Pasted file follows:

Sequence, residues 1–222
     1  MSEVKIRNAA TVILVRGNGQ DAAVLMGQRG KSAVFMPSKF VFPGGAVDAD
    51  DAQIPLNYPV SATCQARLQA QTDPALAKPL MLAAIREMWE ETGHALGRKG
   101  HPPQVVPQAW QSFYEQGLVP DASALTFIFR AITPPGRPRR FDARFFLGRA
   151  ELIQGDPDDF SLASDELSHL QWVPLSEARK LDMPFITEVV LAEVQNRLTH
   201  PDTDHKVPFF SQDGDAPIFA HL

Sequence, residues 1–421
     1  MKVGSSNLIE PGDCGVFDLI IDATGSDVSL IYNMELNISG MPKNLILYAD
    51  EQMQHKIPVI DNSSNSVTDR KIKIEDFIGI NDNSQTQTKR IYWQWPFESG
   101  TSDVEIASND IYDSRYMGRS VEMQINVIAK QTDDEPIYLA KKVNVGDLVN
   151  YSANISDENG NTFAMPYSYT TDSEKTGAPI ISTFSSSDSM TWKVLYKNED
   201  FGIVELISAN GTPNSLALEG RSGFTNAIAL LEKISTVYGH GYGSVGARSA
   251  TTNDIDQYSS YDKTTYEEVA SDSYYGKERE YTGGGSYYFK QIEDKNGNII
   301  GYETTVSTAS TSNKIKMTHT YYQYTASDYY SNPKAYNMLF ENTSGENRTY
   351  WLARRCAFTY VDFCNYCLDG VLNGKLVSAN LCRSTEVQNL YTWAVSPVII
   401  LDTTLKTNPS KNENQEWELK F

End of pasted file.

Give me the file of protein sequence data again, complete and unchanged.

Sequence, residues 1–222
     1  MSEVKIRNAA TVILVRGNGQ DAAVLMGQRG KSAVFMPSKF VFPGGAVDAD
    51  DAQIPLNYPV SATCQARLQA QTDPALAKPL MLAAIREMWE ETGHALGRKG
   101  HPPQVVPQAW QSFYEQGLVP DASALTFIFR AITPPGRPRR FDARFFLGRA
   151  ELIQGDPDDF SLASDELSHL QWVPLSEARK LDMPFITEVV LAEVQNRLTH
   201  PDTDHKVPFF SQDGDAPIFA HL

Sequence, residues 1–421
     1  MKVGSSNLIE PGDCGVFDLI IDATGSDVSL IYNMELNISG MPKNLILYAD
    51  EQMQHKIPVI DNSSNSVTDR KIKIEDFIGI NDNSQTQTKR IYWQWPFESG
   101  TSDVEIASND IYDSRYMGRS VEMQINVIAK QTDDEPIYLA KKVNVGDLVN
   151  YSANISDENG NTFAMPYSYT TDSEKTGAPI ISTFSSSDSM TWKVLYKNED
   201  FGIVELISAN GTPNSLALEG RSGFTNAIAL LEKISTVYGH GYGSVGARSA
   251  TTNDIDQYSS YDKTTYEEVA SDSYYGKERE YTGGGSYYFK QIEDKNGNII
   301  GYETTVSTAS TSNKIKMTHT YYQYTASDYY SNPKAYNMLF ENTSGENRTY
   351  WLARRCAFTY VDFCNYCLDG VLNGKLVSAN LCRSTEVQNL YTWAVSPVII
   401  LDTTLKTNPS KNENQEWELK F